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By now you are hopefully aware of the extreme and deadly dangers associated with distracted driving. Unfortunately, distracted driving continues to be a huge threat to U.S. drivers, with at least nine Americans dying every day due to the risky behavior. April is Distracted Driving Awareness Month, so we’re sharing the facts about distracted driving and debunking five common distracted driving myths. Read below to learn more.
1. If I’m not on my cell phone, it’s not distracted driving.
Wrong. While using your cell phone is certainly one of the most common types, there are many forms of distracted driving. There are three components of distracted driving: cognitive distraction (meaning your mind is occupied with something other than driving), visual distraction (where you are looking at something other than the road), and manual distraction (meaning your hands are not on the steering wheel). Cell phone use is particularly threatening because it involves all three components, but simple things like adjusting music on the dashboard, talking to passengers in your car, putting lipstick on, or even reaching for something that fell behind your seat all fall within the realm of distracted driving as well.
2. Multitasking is okay.
If you think you can multitask while driving, you are wrong. Multitasking is incredibly dangerous because you are alternating between cognitive functions, causing you to lose your focus on the road. When your brain is switching focus from one thing to the other, you tend to miss driving cues, your reaction time slows down, and you’re more likely to get into an accident.
3. Only young drivers have a distracted driving problem.
It is true drivers between the ages of 16 and 24 are more likely to fall victim to distracted driving, but they are not the only ones. People of all ages are ticketed for distracted driving and experience distraction-related car accidents every single day.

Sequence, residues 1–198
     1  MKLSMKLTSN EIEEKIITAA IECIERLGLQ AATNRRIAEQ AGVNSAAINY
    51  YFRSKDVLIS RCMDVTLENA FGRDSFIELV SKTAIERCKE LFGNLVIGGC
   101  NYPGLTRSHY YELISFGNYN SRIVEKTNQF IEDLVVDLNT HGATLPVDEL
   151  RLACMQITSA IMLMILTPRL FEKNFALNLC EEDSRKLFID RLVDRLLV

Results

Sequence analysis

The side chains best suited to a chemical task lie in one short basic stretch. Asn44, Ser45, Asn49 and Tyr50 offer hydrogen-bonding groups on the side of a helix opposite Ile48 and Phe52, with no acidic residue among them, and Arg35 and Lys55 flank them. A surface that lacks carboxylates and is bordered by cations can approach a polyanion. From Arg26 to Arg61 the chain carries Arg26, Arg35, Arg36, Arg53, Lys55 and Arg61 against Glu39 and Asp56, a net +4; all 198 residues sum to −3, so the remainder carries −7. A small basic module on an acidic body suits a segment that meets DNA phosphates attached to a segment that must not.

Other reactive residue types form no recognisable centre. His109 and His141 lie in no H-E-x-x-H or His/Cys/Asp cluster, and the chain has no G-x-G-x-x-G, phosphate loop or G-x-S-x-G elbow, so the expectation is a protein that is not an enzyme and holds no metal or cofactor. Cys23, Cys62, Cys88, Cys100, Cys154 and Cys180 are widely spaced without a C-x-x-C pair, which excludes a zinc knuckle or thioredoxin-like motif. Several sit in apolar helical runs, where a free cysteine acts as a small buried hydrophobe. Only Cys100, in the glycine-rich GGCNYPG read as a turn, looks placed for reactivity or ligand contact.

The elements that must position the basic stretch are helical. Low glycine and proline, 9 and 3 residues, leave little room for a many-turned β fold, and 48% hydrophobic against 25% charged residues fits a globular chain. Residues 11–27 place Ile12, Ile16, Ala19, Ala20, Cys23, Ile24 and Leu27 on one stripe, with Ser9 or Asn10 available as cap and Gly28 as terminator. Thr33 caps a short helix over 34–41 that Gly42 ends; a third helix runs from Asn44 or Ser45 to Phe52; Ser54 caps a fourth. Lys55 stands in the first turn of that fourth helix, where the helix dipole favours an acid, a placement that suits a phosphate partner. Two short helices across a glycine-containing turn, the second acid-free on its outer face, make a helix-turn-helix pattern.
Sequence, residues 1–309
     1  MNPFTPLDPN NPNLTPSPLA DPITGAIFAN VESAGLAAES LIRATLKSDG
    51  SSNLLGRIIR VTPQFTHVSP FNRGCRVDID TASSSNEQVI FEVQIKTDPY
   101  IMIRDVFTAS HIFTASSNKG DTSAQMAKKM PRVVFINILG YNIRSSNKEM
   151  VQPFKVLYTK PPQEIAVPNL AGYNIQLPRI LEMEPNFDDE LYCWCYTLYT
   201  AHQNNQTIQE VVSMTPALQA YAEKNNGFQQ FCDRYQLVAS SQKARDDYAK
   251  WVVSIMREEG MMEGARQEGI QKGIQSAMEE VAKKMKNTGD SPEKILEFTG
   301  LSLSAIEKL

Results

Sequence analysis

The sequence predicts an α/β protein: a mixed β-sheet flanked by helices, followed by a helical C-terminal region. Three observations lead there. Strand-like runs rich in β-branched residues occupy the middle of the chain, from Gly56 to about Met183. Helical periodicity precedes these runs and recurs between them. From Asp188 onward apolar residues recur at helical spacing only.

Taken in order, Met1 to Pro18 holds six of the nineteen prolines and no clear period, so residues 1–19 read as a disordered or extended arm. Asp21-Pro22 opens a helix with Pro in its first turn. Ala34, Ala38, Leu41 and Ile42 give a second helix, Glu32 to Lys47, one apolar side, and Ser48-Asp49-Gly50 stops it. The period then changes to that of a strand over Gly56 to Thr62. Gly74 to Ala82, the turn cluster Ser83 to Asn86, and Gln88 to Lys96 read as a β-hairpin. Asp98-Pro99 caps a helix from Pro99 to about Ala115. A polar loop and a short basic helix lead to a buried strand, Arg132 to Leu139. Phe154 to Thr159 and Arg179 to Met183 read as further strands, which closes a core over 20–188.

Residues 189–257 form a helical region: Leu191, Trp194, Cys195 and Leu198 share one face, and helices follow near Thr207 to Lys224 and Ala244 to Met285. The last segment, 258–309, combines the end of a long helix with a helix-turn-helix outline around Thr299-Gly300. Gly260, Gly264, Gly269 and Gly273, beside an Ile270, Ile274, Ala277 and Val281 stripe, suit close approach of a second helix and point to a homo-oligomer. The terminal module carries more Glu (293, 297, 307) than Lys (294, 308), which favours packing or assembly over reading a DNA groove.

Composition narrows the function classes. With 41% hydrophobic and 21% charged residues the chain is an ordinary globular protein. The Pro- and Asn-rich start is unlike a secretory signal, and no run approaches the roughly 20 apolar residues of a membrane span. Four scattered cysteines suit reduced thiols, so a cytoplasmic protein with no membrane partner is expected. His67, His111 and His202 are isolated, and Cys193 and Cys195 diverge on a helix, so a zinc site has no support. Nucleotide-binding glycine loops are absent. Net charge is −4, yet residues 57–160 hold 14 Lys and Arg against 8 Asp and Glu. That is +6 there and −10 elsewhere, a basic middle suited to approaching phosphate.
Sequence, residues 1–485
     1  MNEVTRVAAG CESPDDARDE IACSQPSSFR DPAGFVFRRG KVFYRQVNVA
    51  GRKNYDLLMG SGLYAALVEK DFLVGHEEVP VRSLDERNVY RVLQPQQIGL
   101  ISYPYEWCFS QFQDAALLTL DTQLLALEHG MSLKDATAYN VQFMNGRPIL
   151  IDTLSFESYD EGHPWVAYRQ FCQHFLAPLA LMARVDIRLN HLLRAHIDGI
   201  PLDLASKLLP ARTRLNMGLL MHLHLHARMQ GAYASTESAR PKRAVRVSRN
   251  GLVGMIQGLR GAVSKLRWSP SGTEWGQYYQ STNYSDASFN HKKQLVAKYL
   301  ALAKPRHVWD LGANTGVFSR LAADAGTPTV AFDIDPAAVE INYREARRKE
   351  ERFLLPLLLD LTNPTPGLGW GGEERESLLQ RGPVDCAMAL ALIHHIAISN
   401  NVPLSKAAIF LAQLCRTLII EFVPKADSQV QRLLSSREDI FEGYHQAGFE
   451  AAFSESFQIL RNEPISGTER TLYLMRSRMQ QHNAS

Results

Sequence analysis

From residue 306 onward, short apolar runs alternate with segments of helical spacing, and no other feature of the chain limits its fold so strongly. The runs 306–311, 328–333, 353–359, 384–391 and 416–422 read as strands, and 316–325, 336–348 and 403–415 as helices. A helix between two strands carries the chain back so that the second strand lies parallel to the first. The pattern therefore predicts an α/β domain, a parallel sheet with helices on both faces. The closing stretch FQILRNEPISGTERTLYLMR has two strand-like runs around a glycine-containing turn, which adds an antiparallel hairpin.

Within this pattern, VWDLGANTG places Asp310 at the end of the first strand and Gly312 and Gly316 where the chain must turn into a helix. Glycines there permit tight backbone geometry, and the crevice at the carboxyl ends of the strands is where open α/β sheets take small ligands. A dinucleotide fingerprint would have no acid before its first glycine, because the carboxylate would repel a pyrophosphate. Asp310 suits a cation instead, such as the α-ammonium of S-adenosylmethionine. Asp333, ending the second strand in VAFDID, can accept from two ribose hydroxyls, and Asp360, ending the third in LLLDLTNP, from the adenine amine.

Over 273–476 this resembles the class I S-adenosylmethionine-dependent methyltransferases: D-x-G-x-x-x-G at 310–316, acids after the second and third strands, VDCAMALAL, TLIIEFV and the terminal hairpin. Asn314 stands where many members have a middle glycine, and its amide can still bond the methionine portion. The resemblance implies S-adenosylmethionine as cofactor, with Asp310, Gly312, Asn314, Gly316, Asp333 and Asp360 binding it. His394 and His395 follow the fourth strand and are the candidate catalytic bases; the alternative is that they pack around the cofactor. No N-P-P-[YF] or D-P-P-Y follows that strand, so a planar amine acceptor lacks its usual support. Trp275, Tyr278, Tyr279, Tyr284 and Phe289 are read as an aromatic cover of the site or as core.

4. Distracted driving isn’t as bad as drunk driving.
The sad fact is distracted driving can be just as life threatening as drunk driving. In 2015, there were more than 290,000 injuries caused by drunk drivers and 391,000 injuries caused by distracted driving – or 34% more injuries caused by distracted driving than drunk driving. While the actions are different, there are many similarities between the two. Both drunk and distracted driving cause a loss of focus on the road, and both have potentially fatal consequences.
5. If it’s hands-free, it’s safe.
Just because your hands are still on the wheel, it doesn’t mean you are any less distracted. Driving while using the hands-free talking or texting feature can still be dangerous and cause drivers to lose their focus on the road. Motorists who are on a phone call are far more likely to be unmindful of their surroundings. Many cities throughout the U.S. have even instituted a complete cell phone ban while driving, including using hands-free devices, for this very reason.
Distracted driving continues to be a common danger on U.S. roads, and the time for change is now. Throughout April, we will share more information on the dangers behind distracted driving, and ask that you spread the word and pledge to keep these facts in mind when you are driving as well.
If you or a loved one has been injured in a car accident due to a distracted driver, we want to help. Please call the car accident attorneys at Adame Garza LLP for your free consultation today.